Today did not start off smoothly.
It’s cold, it’s wet. I had more errands than I like to run on a Saturday to run. Today did not start off well. By the time I had finished my errands, I was near soaked to the bone, shivering cold and miserable. I wanted to sit down. I wanted lunch. I wanted to warm up. In an act of small rebellion, I opted for comfort food and that may take just a little bit of explaining.
Culturally, I’m painfully abandoned and we’ve talked about it a lot (see examples here and here). My idea of comfort food is at times very different from the image you’d expect from a Southern black girl (though, don’t get me wrong: I love soul food). But today was different. I didn’t want mashed potatoes. I didn’t want cream gravy. I wanted chicken katsu. And there was only one place in the city that I would trust to make chicken katsu and to make it without disappointing me or breaking my bank.
Fujiya’s is a local spot. I’ve taken my anime clubbers here. I’ve had dinner with my senpais here. I’ve had lunch with friends here.This place is traditional, beautiful and delicious. I asked for a table for one and was asked if I wanted to sit at the bar and watch the sushi master at work. She was a wonderful woman, kind, and very skilled with a knife. I sat down, ordered hot tea and almost on impulse said a few words in Japanese because tucking into a bowl of the only soup I’ll eat outside of miso. She laughed and asked me how much Japanese I knew. I told her not as much as I wanted to. We exchanged pleasantries and I waited for my meal.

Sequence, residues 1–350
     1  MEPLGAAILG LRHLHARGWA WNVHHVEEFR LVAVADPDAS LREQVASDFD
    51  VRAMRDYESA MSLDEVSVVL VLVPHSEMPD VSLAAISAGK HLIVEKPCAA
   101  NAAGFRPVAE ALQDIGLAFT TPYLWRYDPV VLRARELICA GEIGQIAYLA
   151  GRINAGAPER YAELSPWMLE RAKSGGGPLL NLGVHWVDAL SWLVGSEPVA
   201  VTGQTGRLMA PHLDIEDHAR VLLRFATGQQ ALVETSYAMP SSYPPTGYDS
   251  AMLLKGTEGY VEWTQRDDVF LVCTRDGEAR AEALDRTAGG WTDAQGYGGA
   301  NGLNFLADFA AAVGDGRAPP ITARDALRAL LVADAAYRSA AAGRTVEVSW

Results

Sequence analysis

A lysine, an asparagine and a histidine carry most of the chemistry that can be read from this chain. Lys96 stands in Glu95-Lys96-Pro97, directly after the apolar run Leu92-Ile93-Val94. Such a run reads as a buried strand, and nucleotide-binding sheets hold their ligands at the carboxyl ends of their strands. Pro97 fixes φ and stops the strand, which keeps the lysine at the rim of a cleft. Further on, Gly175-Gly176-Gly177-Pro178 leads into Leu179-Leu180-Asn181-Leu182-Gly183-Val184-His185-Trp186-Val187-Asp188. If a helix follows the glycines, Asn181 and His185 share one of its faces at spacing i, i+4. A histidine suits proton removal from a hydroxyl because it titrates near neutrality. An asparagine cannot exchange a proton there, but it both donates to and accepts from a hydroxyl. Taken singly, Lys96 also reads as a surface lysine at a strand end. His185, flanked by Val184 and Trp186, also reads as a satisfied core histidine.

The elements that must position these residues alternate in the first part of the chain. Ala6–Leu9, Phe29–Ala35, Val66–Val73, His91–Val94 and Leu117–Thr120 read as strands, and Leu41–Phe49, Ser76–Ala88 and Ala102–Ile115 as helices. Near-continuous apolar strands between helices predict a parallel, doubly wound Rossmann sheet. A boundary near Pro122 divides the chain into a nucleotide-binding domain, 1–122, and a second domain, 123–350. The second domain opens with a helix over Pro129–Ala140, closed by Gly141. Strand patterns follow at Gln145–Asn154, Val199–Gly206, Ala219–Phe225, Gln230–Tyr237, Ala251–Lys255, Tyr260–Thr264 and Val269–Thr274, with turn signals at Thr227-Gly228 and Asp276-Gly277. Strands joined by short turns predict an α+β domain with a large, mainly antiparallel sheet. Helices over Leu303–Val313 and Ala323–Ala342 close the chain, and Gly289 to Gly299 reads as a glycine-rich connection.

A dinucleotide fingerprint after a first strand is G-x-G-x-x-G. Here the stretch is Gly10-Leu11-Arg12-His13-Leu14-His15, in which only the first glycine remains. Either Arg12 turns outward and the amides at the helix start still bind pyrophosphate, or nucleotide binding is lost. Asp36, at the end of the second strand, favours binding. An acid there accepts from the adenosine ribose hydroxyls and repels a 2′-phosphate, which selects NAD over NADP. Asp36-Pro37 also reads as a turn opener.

When my chicken katsu arrived I was thrilled. A perfect piece of fried chicken, a sauce that’s almost too damn sweet. Sticky, fluffy white rice that almost runs black with soy. I was home. The woman serving me was essentially a surrogate: she was just Oba-san for what it was worth. She ordered around the staff in Japanese and I got to sit, watch and enjoy as the rain fell outside.
The tea was hot, the meal was filling and the atmosphere was great. And for a brief moment, it didn’t matter that my morning was stressful. Or that traffic was bad. Didn’t matter that it was cold, dark and wet. What mattered was that Oba-san was worried about me and that I was eating enough. She was worried that I wouldn’t be satisfied (I was very satisfied). We chatted about the nature of language and how easy it is to lose and to gain one. I felt the more at home in this restaurant than I had anywhere else in recent memory.
And for the moment, I could just forget. I’m grateful to the lunch I got to have. The conversation I shared and the meal I got to take home. One day, I’ll attempt to make chicken katsu at home because everyone should know how to make the food that makes their heart sing. And while normally these moments are filled with cultural remorse and a feeling of not belonging to the culture that I do so love, it was in that moment remarkably irrelevant. What mattered was that I enjoyed myself and truthfully, I did.
This was a short post and a very timely one. What a treat, huh? Maybe I’ll do more of these.
Stay warm, readership.
3 thoughts on “A Dual-Culturalist Steps in from the Rain”
This is beautiful.